“…you shall call His name Jesus….” (Matthew 1:21).
In our modern culture a person’s name reveals little, if anything, about who they are. That was not true when Jesus was born. Back in those days, a person’s name was very significant. In fact, you could often learn a lot about what an individual was like just by knowing the person’s name.
This fact is even more important when it comes to the Lord. It is essential that we understand the names that were given to our Savior because we need to know what He is really like. Jesus is not just not an imaginary, fun character we focus on at Christmas time. He is a real, historical person, and yet He is also the Lord of all history. He is not what we imagine Him to be, or a character we create in our own minds.
When we hear or see the words “Jesus Christ,” we might mistake those words to be His first and last name. That is not the case. Let’s take a brief look at those two words.
“Jesus” literally means “Jehovah (or “I am”) Saves.” It was an angel who told Joseph that, “… you shall call His name Jesus, for He will save His people from their sins” (Matthew 1:21). From the very beginning of Jesus Christ’s time on earth, we are told WHY He came. His very name tells us that Jesus came to earth to save us from our sins.
“Christ,” on the other hand, is more of a title than a name. It comes from a Greek word that means the same thing as the Hebrew word for “Messiah.” It would be accurate to say “Jesus the Christ” or “Jesus the Messiah.” Andrew made this clear when he told his brother Peter, “We have found the Messiah” (which translated means Christ)” (John 1:41).
We know that the title “Christ” is very important because the New Testament refers to Jesus as the Christ over five hundred times. The title “Messiah” or “Christ” literally means “to spread a liquid over” which is sometimes translated “to anoint.” That word was used for a public ceremony when expensive oil was poured on a man’s head to set him apart for some kind of important leadership role. Anointing ceremonies were mostly used for prophets, for priests, or for kings, (see Exodus 28:41; I Kings 19:16; I Kings 1:34).
Why is this important? If a man was anointed to be a leader, that meant he was qualified and specially chosen by God for that position (Deuteronomy 17:15). Think about what this tells us about Jesus the Christ.
In the Bible there were some very special people who were anointed to be prophets, some to be priests, and some to be kings. However, no one person was ever chosen to be all three—that is, until Jesus came.
Jesus the Christ came as a prophet because we need someone to reveal who God is to us. “In these last days [God] has spoken to us in His Son, whom He appointed heir of all things, through whom also He made the world” (Hebrews 1:2).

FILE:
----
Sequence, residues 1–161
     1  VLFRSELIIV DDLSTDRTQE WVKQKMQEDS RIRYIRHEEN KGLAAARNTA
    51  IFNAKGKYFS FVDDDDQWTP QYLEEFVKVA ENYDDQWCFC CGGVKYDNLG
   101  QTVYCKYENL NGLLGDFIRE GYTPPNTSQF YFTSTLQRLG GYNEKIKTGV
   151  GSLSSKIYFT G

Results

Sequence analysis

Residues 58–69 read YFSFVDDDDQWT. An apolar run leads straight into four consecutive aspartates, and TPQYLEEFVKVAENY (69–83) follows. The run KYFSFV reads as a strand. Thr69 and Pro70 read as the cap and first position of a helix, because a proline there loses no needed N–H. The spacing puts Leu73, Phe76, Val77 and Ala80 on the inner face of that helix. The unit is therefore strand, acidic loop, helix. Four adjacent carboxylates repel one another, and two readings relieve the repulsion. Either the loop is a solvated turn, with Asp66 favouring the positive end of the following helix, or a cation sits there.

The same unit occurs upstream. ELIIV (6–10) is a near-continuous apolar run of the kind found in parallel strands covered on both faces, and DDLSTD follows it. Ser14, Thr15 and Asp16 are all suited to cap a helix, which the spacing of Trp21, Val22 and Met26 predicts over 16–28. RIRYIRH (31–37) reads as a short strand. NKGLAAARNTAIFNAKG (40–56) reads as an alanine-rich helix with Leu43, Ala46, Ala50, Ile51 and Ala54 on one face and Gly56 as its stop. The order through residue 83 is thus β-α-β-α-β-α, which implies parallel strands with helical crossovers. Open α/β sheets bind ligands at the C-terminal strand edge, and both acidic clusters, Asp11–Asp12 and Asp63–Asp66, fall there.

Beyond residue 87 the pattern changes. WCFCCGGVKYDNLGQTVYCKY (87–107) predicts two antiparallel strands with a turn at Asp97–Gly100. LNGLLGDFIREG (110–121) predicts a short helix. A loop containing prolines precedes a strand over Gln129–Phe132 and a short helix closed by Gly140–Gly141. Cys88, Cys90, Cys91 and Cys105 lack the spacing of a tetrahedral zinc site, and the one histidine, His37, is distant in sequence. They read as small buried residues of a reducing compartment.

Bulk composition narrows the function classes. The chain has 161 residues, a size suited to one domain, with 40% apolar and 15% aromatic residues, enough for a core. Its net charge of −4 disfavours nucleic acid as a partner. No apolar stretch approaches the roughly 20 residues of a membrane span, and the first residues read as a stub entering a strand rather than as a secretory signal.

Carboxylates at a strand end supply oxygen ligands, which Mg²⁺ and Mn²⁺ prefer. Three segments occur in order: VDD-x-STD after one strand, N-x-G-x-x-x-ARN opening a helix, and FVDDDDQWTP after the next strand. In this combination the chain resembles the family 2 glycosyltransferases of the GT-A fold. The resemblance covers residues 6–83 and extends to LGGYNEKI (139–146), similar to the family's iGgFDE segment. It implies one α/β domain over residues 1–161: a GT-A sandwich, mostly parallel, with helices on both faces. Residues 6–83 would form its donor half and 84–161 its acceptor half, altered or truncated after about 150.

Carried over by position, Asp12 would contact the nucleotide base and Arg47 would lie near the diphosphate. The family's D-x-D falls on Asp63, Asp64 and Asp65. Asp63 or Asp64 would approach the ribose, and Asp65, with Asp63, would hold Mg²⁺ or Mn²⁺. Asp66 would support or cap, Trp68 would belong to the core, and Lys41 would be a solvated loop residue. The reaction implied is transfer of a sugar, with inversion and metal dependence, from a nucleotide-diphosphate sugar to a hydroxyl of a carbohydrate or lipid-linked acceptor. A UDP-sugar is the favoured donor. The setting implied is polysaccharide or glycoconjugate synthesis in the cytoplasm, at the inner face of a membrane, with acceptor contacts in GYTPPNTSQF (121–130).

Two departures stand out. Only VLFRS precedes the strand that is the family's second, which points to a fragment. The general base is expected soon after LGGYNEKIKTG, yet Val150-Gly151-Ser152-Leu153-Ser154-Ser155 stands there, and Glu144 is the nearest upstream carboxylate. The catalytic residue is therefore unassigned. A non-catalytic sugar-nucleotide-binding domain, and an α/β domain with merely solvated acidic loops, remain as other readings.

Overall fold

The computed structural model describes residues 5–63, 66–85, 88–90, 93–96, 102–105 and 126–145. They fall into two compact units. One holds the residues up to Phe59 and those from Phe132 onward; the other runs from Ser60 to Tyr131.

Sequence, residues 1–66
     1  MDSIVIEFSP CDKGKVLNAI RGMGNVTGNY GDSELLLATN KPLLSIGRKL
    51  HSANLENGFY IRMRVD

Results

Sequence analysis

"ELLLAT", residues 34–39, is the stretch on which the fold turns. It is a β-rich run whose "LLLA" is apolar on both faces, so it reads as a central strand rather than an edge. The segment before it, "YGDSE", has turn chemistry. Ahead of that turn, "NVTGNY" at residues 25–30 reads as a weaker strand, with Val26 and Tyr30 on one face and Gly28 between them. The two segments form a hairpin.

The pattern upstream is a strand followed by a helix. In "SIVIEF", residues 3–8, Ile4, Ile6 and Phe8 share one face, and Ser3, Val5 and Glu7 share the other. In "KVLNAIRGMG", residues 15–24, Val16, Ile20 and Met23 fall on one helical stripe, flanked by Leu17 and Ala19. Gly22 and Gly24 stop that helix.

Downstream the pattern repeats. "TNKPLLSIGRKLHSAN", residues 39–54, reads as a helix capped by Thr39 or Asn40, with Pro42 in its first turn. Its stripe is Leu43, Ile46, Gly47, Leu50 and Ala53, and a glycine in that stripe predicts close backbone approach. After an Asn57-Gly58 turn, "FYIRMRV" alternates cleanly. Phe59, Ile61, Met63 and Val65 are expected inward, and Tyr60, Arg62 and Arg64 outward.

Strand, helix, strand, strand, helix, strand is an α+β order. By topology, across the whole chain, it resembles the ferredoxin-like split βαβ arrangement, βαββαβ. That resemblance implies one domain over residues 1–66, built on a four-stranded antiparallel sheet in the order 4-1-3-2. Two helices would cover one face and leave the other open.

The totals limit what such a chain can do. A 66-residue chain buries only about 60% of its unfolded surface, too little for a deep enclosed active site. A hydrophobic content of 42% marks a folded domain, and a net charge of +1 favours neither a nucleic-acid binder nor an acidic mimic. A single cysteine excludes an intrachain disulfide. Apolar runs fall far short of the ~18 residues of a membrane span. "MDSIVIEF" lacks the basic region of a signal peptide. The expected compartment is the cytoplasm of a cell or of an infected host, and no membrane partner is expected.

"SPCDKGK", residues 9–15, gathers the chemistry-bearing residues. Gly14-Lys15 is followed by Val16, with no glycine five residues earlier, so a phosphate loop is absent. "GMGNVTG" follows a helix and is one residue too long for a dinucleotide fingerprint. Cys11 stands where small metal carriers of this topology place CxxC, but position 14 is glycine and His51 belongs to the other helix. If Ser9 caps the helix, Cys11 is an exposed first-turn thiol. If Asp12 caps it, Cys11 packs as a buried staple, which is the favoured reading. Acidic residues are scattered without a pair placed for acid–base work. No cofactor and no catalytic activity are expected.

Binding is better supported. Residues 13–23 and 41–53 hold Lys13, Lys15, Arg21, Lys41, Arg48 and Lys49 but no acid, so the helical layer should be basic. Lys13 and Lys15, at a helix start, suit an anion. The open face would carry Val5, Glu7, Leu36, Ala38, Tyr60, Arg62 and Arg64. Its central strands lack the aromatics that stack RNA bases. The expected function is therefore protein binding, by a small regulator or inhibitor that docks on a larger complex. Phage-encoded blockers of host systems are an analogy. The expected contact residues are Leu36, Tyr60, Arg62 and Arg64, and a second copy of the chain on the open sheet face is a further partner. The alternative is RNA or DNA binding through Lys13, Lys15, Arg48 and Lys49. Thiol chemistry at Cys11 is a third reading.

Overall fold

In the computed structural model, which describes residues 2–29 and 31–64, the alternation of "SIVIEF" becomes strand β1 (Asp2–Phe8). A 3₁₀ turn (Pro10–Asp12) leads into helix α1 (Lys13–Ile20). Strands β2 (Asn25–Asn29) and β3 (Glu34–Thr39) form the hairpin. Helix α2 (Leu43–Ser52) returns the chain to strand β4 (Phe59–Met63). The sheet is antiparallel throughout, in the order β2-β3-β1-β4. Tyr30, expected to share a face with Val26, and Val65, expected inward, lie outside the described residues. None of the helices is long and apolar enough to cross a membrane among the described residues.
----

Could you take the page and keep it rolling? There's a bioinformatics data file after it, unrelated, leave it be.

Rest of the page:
Jesus the Christ came as a priest so we could have a relationship with God. “For there is one God, and one mediator [someone who brings those separated back together] also between God and men, the man Christ Jesus” (1 Timothy 2:5).
Jesus the Christ came as a king because we needed someone to conquer sin, death, and the Devil for us. “Therefore, since the children [all humans] share in flesh and blood, [Jesus] Himself likewise also partook of the same, that through death He might render powerless him who had the power of death, that is, the devil, and might free those who through fear of death were subject to slavery all their lives” (Hebrews 2:14–15).
Prophets, priests, and kings each had very different areas of authority. Jesus, on the other hand, has authority over everything. He actually declared, “All authority has been given to Me in heaven and on earth” (Matthew 28:18).
Notice that Jesus’ authority is closely tied to His name: “Being found in appearance as a man, [Jesus] humbled Himself by becoming obedient to the point of death, even death on a cross. For this reason also, God highly exalted Him, and bestowed on Him the name which is above every name, so that at the name of Jesus every knee will bow, of those who are in heaven and on earth and under the earth” (Philippians 2:8–10).
Yes, Jesus came to earth as a helpless baby, but that was only the beginning. He conquered all. He is not helpless! We must never forget that “…[God] raised Him from the dead and seated Him at His right hand in the heavenly places, far above all rule and authority and power and dominion, and every name that is named, not only in this age but also in the one to come” (Ephesians 1:20–21).
Jesus, or “Jehovah Saves,” has promised to rescue you from your sins and their eternal consequences if you turn away from them and follow Him. Tell Him that you are sorry for your sin and call on Him by faith: “Whoever will call on the name of the Lord will be saved” (Romans 10:13).